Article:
Civil and Environmental Engineering


Document Type


Date of this Version



Journal of Testing and Evaluation 42:1 (January 2014), 11pp. DOI: 10.1520/JTE20130018


Copyright VC 2014 by ASTM International. Used by permission.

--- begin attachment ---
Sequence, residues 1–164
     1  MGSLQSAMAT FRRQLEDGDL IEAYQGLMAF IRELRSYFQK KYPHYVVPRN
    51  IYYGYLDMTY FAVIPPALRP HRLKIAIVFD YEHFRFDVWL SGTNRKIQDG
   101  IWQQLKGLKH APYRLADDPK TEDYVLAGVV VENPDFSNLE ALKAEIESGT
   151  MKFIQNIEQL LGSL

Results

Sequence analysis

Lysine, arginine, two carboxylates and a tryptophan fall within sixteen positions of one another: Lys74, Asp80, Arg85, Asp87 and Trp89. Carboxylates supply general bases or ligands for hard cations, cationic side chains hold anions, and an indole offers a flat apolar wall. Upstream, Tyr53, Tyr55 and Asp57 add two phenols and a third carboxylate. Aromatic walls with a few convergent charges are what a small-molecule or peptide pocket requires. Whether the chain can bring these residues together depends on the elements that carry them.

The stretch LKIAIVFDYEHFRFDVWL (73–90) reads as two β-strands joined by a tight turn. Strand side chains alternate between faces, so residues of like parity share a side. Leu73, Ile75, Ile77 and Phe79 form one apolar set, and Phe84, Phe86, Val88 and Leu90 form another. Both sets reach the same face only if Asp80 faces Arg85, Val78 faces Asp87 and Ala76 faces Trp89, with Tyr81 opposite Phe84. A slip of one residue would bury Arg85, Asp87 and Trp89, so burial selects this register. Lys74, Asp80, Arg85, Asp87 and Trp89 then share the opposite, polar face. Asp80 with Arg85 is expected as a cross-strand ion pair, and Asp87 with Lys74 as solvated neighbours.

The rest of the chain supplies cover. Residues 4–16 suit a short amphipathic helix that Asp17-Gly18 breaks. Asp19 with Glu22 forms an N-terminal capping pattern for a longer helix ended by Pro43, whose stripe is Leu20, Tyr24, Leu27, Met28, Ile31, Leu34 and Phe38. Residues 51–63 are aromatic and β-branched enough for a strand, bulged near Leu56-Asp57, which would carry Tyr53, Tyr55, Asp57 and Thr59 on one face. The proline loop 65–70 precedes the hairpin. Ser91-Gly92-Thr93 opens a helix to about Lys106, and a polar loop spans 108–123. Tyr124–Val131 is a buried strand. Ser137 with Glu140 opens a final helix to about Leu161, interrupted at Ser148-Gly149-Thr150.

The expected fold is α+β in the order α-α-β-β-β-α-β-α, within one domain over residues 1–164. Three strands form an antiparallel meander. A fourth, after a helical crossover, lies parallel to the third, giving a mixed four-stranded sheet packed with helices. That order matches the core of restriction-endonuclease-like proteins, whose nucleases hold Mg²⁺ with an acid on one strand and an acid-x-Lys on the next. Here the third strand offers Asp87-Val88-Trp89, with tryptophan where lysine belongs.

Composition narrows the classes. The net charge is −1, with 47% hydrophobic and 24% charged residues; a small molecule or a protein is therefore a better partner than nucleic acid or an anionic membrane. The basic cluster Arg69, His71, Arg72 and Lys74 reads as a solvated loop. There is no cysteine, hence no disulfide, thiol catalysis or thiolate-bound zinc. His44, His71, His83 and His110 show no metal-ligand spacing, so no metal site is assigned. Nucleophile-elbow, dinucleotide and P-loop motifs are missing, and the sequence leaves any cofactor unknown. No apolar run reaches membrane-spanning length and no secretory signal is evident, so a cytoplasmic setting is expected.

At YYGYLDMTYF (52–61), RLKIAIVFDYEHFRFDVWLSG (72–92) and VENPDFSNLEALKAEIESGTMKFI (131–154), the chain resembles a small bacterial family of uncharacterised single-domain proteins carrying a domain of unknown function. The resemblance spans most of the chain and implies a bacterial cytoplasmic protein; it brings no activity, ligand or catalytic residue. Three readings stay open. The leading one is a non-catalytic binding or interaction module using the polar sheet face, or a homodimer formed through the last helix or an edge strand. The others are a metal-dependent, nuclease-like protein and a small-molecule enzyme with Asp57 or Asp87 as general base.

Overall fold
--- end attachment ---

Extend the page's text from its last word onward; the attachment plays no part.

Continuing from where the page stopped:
Because of its simplicity, the shock response spectrum has become widely used as a means of describing the shock responses and fragilities of structures and equipment. This paper focuses on the drawbacks of using the shock response spectrum for defining equipment shock tolerance. A cantilever beam with a tip mass was used to model a hypothetical piece of equipment subjected to strong ground motion such as that caused by an explosion. The exact solution from a detailed modal analysis shows that multiple modes of response were excited. Contributions from higher modes can be more predominant than that from the fundamental mode. Assuming the total response of equipment is predominantly in the first mode can lead to significant error. Current shock spectrum procedures for equipment fragility assessment are inadequate, not only because of the physical limitations of shake table tests, but also because of the lack of a reliable analytical model.